10. 10. Empirical results: fiscal decentralisation (1) (2) COV of per capita GDP robust SE IV (2/3year lag) Tax decentralisation -0.278* -1.904*** (0.145) (0.707) Revenue decentralisation -0.364* -0.433*** (0.189) (0.144) Expenditure decentralisation 0.179*** 0.206*** (0.055) (0.069) Vertical imbalance 0.127** 0.284*** (0.059) (0.085) Fiscal autonomy -0.012*** -0.022*** (0.004) (0.005) Observations 274 252 Standard errors in parentheses *** p<0.01, ** p<0.05, * p<0.1 10
  11. 11. Empirical results: control variables (2) COV of per capita GDP GDP pc 0.00163*** (0.000432) Square GDP pc -1.55e-08** (5.84e-09) Capital formation -0.457*** (0.130) Trade openness 5.204 (4.666) Pop concentration -2.343** (1.063) Government expenditure size 0.157*** (0.0387) Observations 274 Standard errors in parentheses *** p<0.01, ** p<0.05, * p<0.1 11
  12. 12. Robustness • Reverse causality – instrumental variable estimation • Different time periods: (1995-2007) (2008-2011) • Exclusion of one country at a time from estimation • Different measure of regional disparities: • Weighted CV • GINI index • percentile ratios (75/25 and 90/10) • GDP per worker (labour productivity) All these robustness checks provided results similar to the baseline model 12
  13. 13. • Cross section analysis – Shankar and Shah (2003) decentralisation may increase disparities in “unitary” countries – Rodriguez-Posé & Gill (2004) cross section analysis of OECD countries – decentralisation increases regional disparities because it favours economies of agglomeration • Panel data models: – Lessman (2006, 2009): panel OECD countries (1980-2001) = all indicators of fiscal decentralisation reduce regional disparity • Differences in the level of development – Rodriguez-Posé and Ezcurra (2010): impact of decentralisation depends on the level of development of a country = political and expenditure decentralisation reduces disparity only in developed countries – Lessman (2012): panel of 54 countries (1980-2009) interaction decentralisation and GDP pc has a negative impact on disparity • Differences in the quality of government – Kyriacou et al (2013): the quality of government rather than the level of development may affect the impact of decentralisation on regional disparity Selected literature review 13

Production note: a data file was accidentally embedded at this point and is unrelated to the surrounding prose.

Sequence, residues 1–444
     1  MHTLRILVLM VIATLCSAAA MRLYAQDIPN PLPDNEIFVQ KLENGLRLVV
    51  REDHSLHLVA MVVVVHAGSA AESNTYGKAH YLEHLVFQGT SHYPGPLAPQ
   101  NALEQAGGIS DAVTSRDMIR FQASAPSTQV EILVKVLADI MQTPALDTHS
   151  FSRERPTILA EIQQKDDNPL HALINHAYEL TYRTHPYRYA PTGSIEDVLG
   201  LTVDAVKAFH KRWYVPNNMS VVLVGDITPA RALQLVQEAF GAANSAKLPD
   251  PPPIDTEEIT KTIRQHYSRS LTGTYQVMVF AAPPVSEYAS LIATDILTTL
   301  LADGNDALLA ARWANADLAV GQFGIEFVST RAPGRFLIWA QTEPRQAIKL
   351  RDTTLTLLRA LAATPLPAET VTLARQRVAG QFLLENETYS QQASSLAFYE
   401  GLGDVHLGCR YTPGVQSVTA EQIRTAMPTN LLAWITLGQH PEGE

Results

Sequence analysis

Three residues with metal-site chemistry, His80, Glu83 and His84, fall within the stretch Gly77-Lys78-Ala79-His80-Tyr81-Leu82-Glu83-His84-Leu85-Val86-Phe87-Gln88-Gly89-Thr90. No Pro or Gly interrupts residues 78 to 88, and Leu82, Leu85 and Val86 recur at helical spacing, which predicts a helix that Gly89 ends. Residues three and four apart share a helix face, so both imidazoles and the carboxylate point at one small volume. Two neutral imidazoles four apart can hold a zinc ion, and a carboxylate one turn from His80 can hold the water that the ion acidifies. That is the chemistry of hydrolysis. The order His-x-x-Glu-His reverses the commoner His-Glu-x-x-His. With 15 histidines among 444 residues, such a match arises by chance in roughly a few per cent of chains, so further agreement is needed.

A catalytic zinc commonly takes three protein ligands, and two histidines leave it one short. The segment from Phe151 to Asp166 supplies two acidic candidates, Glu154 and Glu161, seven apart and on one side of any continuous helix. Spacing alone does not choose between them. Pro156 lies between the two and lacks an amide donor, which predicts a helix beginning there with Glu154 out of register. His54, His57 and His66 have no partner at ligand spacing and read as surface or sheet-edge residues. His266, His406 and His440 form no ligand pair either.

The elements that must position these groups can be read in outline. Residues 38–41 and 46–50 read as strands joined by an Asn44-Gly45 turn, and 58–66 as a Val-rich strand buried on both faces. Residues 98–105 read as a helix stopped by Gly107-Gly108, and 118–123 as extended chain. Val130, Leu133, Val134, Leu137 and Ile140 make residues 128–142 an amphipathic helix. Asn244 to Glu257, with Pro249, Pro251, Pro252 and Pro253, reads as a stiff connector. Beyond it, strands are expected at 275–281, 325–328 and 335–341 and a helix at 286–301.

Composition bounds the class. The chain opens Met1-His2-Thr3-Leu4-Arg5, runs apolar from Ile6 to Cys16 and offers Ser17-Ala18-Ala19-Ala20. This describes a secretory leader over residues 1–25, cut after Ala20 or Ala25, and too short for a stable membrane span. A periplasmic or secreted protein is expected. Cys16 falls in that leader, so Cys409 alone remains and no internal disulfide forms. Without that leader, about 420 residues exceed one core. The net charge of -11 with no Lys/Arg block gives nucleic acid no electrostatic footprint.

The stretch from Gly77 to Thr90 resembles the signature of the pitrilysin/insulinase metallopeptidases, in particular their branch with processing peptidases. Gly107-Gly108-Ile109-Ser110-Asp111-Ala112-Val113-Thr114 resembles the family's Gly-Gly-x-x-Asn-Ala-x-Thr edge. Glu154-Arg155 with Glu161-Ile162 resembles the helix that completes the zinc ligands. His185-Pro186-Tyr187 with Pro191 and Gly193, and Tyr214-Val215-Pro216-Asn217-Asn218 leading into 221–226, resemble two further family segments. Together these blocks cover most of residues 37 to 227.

14. 14. Highest impact on “low income” regions (catching up) • Take regional income corresponding to the top (bottom) 25th percentile • Use it a s dependent variable in the regression: ∆ !"#$% &'(# ) *'+ &',- ) *'+ &./ 0 1 2 (1) (2) (3) (5) (6) (7) VARIABLES bottom bottom bottom top top top SNG tax share 0.137* 0.0769 (0.0751) (0.0778) SNG exp share 0.00188 0.0274 0.0692 0.0857* (0.0578) (0.0595) (0.0526) (0.0508) SNG rev share -0.00926 -0.0196 (0.0978) (0.108) Fiscal authority 0.0112*** 0.0058 (0.00392) (0.00430) • SNG tax share and Fiscal authority significant impact only on the bottom 25th percentile 14
  15. 15. 1. FD reduces regional disparities, if it does not increase vertical fiscal imbalance 2. Tax decentralisation stimulates SCG to implement pro-growth policies 3. Tax decentralisation favours catching- up of lagging regions 4. FD stimulate regional mobility in the distribution Main conclusions 15
  16. 16. THANK YOU 16 david.bartolini@oecd.org http://www.oecd.org/tax/federalism
  17. 17. Most of TL2 regional disparity depends on labour productivity 3-4 5"5 3-4 675 ∙ 675 9:4 ∙ 9:4 5"5 Productivity Employment rate Activity rate Note: coefficient of variation for the year 2010 17